For several months he would go to work, and the place where he worked didn't pay him a penny. They refused to pay him, because he was a Christian. Over time, his love, his Christ-like love for his family, (who had persecuted him), and his employers (who persecuted him), won his family over, and his family became Christians.

He was seen as a dangerous person in that town, because he was winning people for Christ.

And so, about a week ago

this man was brutally, brutally put to death

for sharing this joy of the resurrected Savior.

       -I was reading the other day about a man who lives in Algeria, northern Africa. He is married, and has children. He was converted to Christianity. When he was converted to Christianity, the rest of his family was Muslim. His in-laws took him to court. The judge ordered that he either renounce his faith in the risen Christ, or his wife would be forcibly divorced from him, and his children would be force-ably removed from underneath his guardianship, and he would no longer be their father.

Well, he confessed his faith in Jesus,

the risen Jesus,

with the joy in the risen Jesus.

As a result,

he has now lost his wife and children.

These are powerful stories about people who have this faith in the risen Savior, and undergo this persecution. They are wonderful testimonies of the depth, of the treasure, that can be found in Christ alone.

But, doesn't it make you wonder about yourself? It makes me wonder about myself. I heard a pastor recently talking about persecution, and asked the question, “Why do you think here in the United States we don't really get persecuted very much for our faith?” He speculated, “Some people say maybe it is because Christians here in the United States are too willing to compromise the truth. All you have to do is change one little word, and it is easy to keep yourself from being persecuted. Here is the word. From saying, 'Jesus is the way', to saying, 'Jesus is a way'. To go from saying, 'Jesus is the truth', to saying, 'Jesus is a truth'. As soon as you do that, you remove the offense of the cross. But, you also remove the power of the cross. Because, if Jesus is one of many ways of salvation, then you don't need the cross, and you don't need forgiveness.”

Another pastor speculated, “Maybe we are not persecuted in the United States, because the Lord knows the shallowness of our faith. He knows, if He permitted persecution to come, maybe we would be like the seed that Jesus talked about. It was scattered on shallow ground, so it had shallow roots. And when persecution came, it fell away. It withered away. Maybe the Lord wants to spare us from losing our faith, if persecution comes. Ultimately, what all of this does is cause me, (and it should cause all of us), to repent at the weakness of our faith.”

What if I were persecuted, and I recognized, “Lord Jesus, I have a weak faith. Jesus, I need you to forgive me for all of my sins, including my weakness of faith, shallowness of faith. Jesus, I am so glad you forgave Peter, when he did not have the courage to stand up for you. He denied his faith, and yet you freely forgave him. Jesus, I need you to forgive all of my sins, and all of my weaknesses. Jesus, I need you to assure me that I am saved by faith. It is not the strength of my faith that saves me. Thank God for that! The Bible does not say, 'God so loved the world, that He gave His One and only Son, that whoever believes in Him (with a really strong faith) will be saved', but it says, 'whoever believes in Him will be saved'. Thank you, Jesus, that even weak faith is saving faith!”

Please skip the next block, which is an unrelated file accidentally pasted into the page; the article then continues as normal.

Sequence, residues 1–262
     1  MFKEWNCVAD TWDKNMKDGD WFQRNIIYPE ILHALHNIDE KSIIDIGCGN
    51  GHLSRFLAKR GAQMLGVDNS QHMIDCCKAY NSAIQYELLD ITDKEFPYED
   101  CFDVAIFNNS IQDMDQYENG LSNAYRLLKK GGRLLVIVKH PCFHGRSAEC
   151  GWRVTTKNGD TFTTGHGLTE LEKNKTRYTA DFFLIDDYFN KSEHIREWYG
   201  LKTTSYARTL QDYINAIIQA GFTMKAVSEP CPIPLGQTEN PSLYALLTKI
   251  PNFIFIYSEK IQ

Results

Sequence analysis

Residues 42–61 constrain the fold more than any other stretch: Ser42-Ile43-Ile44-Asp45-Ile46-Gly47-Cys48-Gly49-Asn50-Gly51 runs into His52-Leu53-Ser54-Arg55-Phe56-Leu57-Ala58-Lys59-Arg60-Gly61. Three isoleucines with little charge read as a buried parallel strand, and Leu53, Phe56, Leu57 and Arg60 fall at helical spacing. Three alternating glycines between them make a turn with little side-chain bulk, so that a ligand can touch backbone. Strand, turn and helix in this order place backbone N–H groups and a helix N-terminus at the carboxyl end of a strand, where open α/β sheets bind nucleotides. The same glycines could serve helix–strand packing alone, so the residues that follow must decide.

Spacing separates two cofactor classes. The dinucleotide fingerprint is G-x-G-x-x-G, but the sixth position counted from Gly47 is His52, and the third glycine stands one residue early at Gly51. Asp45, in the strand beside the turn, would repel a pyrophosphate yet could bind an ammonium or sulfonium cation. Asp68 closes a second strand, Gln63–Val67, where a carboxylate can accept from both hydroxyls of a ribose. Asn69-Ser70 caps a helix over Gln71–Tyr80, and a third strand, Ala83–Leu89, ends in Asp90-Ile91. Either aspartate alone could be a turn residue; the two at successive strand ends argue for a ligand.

But then we pray, “Jesus, strengthen me. Prepare me for the day, if it were to happen, that I were to be persecuted, or we were to be persecuted.”

How do we get strengthened? Do you know what they did in Martin Luther's day, when they were fearful the Turks may invade Germany, and they would be persecuted? They, in their families, learned the Catechism. They taught their children The Six Basic Truths of Christianity. They memorized them. They memorized Bible verses. They memorized hymn verses, so that if their churches were gone, their pastors were gone, they still would have The Word in their heads and in their hearts. Then they could be kept, and strengthened in their faith.

So, now is the time to really study, and apply yourself to the Word of God.

Ultimately, I want to close with this thought. There was a man by the name of Richard Wurmbrand, who wrote a book, “Tortured for Christ”. He was tortured in a Communist country, some years ago, as a Lutheran pastor. He saw Christians brutalized in ways that are almost indescribable. They were beaten, tortured, and killed. He saw this all happen. He saw the persecuted church. Here is what he said. “I have seen the bride of Christ, (the church), at her most beautiful. When she looks ugliest to the world - beaten, mocked, spit on, weak - I have seen her at her most beautiful, because I have seen how much she loves her Savior, and how dear the resurrection of Jesus is.”

Jesus is God.

Our sins are forgiven.

Heaven is ours.

Someday we will rise from the dead.